Marshawn Lynch is in the building, and the Raiders look like they're going to keep him in that building - for a little while at least. Beast Mode appears to be on the verge of being traded to the Raiders somehow, which means un-retiring and some other paper work that I'm not all that interested in, but what I am interested in, is Lynch's fantasy usefulness for the 2017 season.
First off, Lynch will turn 31 years old on April 22nd. He will have spent his 30th year on earth traveling and apparently resting and then traveling some more. I'm guessing that at least puts him on the healthy side of not healthy. Thirty-one is old for a running back, but in no way does it mean he can't play anymore. Lynch's 2015 season was marred by a sports-hernia, so the year off seems useful, but also is worrisome as far as him getting completely back into playing shape and being able to protect himself from injuries. Since 1983, running backs 31 years of age or older have rushed for over 1,000 yards 22 times. And, around that many topped 250 rushing attempts. That number doesn't boost my faith in Lynch, but it also shows that plenty of backs have done it, including Frank Gore just last season, when he hit 1,025 yards rushing at the age of 33.
But what about the Oakland offense and the competition he'll see for touches? First off, Latavius Murray is gone. Despite being part of a committee last season, he was the main back, which included goal-line duties. The Oakland running backs as a whole rushed 24 times inside the opponent's five-yard line, which ranked sixth overall in the league. They rushed for 11 touchdowns from inside the five, which ranked fourth in the league. Murray saw the bulk of those, 17, and scored a healthy nine touchdowns on those carries. These are all good signs for Lynch's value, as he would be the no-doubt goal-line back.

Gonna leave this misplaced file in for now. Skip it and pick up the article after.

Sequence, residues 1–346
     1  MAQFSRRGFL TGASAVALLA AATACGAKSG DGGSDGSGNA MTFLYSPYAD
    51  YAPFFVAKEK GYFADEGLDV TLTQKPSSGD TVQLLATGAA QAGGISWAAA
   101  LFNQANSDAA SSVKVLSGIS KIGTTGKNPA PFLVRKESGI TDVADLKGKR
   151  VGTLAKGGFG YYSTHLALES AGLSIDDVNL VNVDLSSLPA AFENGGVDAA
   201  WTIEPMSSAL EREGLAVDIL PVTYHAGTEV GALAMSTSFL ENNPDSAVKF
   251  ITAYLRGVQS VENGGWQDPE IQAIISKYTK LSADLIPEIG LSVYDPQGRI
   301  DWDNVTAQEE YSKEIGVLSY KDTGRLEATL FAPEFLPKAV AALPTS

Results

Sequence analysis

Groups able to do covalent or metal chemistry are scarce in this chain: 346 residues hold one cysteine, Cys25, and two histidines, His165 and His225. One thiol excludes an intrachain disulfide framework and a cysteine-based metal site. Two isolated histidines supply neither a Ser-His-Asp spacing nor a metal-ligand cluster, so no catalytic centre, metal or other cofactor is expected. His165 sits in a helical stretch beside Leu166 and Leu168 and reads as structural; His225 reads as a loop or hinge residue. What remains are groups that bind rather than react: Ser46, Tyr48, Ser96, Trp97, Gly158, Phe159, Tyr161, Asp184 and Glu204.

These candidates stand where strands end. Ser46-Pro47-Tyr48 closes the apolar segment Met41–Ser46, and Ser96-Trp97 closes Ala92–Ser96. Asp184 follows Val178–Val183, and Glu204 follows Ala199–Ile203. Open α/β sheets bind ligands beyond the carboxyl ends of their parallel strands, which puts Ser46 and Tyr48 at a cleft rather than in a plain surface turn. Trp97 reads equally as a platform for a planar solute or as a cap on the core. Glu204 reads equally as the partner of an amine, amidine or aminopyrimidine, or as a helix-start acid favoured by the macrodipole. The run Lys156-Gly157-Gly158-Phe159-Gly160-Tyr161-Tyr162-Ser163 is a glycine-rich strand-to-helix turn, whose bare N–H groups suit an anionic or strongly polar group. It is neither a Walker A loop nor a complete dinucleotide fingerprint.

The Raiders have some interesting running backs in DeAndre Washington, Jalen Richard and Jamize Olawale, but none will take Lynch's early down and goal-line crown as long as he's healthy. They would take away some receiving responsibility even though Lynch has been competent in that role. At this point in his career though, coupled with young receiving backs next to him, I wouldn't want to put much stock in a big PPR season.
What kind of line do the Raiders have? First off, take a look at Latavius Murray's not-so-great ability and then look at how successful he was at the goal line last year. The Raiders have strength up front. PFF's Sam Monson ranks their line as the fourth best in the league. That ranking is also backed up by Derek Carr taking the fewest sacks in the league last season with just 18 - compare that to the Browns QBs, who were sacked 66 times!. The Raiders' line is solid, and if Lynch is a full-go, he has plenty of touchdown upside at the very least.
And the last bit of good news you can take or leave, is the fact that he is returning home to the Bay Area and the Raiders are leaving for Las Vegas in two to three years. Lynch isn't going to Vegas. If he signs, he wants a year or two in Oakland to try to bring that city some playoff success and hopefully a championship. He isn't returning just for a paycheck. If he's back, I'm bullish on him, especially in non-PPR leagues, where his touchdown numbers could put him toward the top-five fantasy running backs in the league.